Many Canadians believe that because they have nothing to hide, they do not need protection for their personal information. Sadly, too many have learned how valuable privacy of personal information is after their lives have been invaded by salespeople, scams and unscrupulous individuals.
According to the Privacy Commissioner of Canada, "technology makes us all vulnerable from the time we get up in the morning until we climb into bed at night because we leave a trail of data behind us for others to collect, merge, analyze, massage and even sell, often without our knowledge or consent."
In this all-pervasive electronic world, choosing who knows about you and what they know are rights worth going to great lengths to protect and the Canadian government has legislation in place to support individual battles for privacy.
The Personal Information Protection and Electronic Documents Act (PIPEDA) , which received Royal Assent on April 13, 2000, is in the final stage of its implementation. This Act was created "to support and promote electronic commerce by protecting personal information that is collected, used or disclosed in certain circumstances, by providing for the use of electronic means to communicate or record information or transactions and by amending the Canada Evidence Act, the Statutory Instruments Act and the Statute Revision Act."
As of January 1, 2004, PIPEDA expanded to cover commercial use of personal information within individual provinces and it extended to every organization that collects, uses or discloses personal information in the course of a commercial activity within a province, whether or not the organization is a federally-regulated business or not. Back on January 1, 2001, regulation of federally-regulated private sector and out-of-province exchanges of personal information began and was expanded to include personal health information the following year. However, the federal government may exempt organizations and/or activities in provinces that have adopted privacy legislation that is similar to the federal law.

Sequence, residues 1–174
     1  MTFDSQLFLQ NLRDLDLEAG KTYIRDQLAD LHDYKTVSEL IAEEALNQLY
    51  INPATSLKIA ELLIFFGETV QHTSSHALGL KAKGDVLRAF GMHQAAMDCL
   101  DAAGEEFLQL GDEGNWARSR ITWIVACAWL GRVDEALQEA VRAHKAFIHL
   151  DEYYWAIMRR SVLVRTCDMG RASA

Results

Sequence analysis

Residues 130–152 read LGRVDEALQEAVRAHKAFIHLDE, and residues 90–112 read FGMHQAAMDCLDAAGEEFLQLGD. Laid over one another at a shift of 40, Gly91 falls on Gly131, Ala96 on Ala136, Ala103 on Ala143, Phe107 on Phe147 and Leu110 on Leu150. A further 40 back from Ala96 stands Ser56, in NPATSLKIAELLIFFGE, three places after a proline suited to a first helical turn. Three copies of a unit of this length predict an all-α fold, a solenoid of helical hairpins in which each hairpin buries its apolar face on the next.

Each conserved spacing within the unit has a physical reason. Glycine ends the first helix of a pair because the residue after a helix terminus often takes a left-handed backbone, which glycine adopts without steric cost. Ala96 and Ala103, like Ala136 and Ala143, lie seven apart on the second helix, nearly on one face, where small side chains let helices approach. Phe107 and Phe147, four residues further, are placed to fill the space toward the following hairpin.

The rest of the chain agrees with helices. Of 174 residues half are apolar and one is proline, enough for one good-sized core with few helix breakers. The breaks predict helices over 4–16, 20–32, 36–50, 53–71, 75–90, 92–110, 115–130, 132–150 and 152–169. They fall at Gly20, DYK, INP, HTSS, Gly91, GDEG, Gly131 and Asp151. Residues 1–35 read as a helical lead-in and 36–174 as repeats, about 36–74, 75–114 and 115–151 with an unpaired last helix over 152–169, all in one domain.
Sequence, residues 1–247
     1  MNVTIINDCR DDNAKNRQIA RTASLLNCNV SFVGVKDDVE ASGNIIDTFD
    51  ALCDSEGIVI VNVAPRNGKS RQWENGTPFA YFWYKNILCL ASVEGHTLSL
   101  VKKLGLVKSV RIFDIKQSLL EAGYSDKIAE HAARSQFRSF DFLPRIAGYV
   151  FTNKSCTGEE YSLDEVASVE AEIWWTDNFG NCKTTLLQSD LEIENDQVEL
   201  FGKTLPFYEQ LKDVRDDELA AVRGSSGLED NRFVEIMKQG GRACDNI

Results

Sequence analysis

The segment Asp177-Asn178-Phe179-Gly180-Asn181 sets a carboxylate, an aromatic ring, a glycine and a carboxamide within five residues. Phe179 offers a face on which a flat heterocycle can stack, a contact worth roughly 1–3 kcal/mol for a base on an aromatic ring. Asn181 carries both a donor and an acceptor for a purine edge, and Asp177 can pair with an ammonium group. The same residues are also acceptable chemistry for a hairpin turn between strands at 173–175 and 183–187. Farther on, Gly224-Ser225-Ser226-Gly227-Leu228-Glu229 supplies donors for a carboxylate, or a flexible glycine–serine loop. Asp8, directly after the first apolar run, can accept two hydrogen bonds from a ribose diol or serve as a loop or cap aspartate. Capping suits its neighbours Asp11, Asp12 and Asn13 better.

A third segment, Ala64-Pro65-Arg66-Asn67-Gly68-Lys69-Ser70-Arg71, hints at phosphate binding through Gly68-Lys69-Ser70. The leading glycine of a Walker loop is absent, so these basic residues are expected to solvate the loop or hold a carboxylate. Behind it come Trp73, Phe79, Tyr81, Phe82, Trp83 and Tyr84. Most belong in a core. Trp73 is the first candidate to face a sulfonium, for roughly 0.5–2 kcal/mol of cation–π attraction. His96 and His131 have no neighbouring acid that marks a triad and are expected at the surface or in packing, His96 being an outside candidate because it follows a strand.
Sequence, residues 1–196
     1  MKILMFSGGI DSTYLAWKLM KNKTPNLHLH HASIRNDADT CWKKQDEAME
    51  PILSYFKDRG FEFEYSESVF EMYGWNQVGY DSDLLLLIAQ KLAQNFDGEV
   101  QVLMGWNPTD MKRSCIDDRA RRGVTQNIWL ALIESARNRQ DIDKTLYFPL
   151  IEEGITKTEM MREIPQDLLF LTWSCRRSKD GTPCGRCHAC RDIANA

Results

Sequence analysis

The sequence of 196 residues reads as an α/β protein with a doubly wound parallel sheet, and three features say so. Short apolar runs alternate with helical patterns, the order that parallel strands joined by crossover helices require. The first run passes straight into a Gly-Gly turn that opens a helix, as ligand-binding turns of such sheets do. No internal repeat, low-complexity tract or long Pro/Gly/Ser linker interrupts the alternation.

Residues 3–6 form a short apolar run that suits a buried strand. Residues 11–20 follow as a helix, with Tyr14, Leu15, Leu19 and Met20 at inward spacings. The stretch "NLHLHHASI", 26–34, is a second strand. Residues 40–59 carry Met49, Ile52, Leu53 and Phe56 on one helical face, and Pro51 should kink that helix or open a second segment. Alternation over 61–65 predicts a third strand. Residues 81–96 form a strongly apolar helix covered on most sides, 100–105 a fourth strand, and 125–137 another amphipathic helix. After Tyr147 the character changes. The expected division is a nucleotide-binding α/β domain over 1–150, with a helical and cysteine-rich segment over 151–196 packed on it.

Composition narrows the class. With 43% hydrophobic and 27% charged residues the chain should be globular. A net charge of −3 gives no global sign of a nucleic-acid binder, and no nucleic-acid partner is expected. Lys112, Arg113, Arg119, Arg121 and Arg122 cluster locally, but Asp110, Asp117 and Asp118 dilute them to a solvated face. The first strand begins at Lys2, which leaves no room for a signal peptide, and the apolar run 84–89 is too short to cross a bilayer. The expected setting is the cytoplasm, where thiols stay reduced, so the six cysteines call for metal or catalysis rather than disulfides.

What is "personal information?" Any factual or subjective information, recorded or not, about an identifiable individual, that goes beyond job title, telephone number, address or anything that might appear on a business card, or that can be found through publicly available information such as the telephone book. Protected personal information includes:
According to the Ontario Real Estate Association in its publication Realtor Edge: "Complying with the new act should not be difficult for REALTORS as much of the 'obtaining of consent' to a very substantial portion of a REALTOR'S service to his or her clients happens naturally in a listing presentation. Even before the need to comply with privacy, REALTORS were required to 'tell all' about MLS when listing a property on the MLS."
The personal information you provide to an organization can be used to implement new programs or in business dealings with other companies, but according to PIPEDA or comparable provincial legislation, organizations may only collect, use or disclose information for purposes for which you have given consent.
OREA tells its members, known as REALTORS, that they have many resources to help them comply with PIPEDA: "When sitting down to your next listing presentation you should have the following tools with you:
- CREA's privacy pamphlet to leave with potential clients
- An OREA standard form listing agreement
- A thorough explanation of what personal information you need and what you will be doing with it."
OREA and other provincial real estate organizations work to provide online, print and educational materials to help their real estate professionals comply with this and all other relevant legislation.
The Privacy Commissioner of Canada (and provincial/territorial counterparts) is there to ensure privacy compliance and adequate protection for the privacy rights of Canadians by making certain that organizations don't only comply with rulings they find agreeable or convenient. Visit the Privacy Commissioner site for more on topics from protecting your privacy on the Internet and identity theft to safeguarding your SIN .
"Increasingly, living a modern urban life seems to mean there is nowhere to hide. In our search for security and convenience, are we hitching ourselves to an electronic leash?" -- The Privacy Commissioner of Canada's Annual Report 1995-96.